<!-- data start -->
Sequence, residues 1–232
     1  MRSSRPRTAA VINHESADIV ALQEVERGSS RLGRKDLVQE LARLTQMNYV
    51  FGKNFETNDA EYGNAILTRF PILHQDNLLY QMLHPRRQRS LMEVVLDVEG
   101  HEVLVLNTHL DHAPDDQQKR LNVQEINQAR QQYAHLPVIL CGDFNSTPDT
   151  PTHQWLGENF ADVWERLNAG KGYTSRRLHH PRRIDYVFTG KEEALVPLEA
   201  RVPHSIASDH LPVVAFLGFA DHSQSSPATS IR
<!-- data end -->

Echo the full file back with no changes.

Sequence, residues 1–232
     1  MRSSRPRTAA VINHESADIV ALQEVERGSS RLGRKDLVQE LARLTQMNYV
    51  FGKNFETNDA EYGNAILTRF PILHQDNLLY QMLHPRRQRS LMEVVLDVEG
   101  HEVLVLNTHL DHAPDDQQKR LNVQEINQAR QQYAHLPVIL CGDFNSTPDT
   151  PTHQWLGENF ADVWERLNAG KGYTSRRLHH PRRIDYVFTG KEEALVPLEA
   201  RVPHSIASDH LPVVAFLGFA DHSQSSPATS IR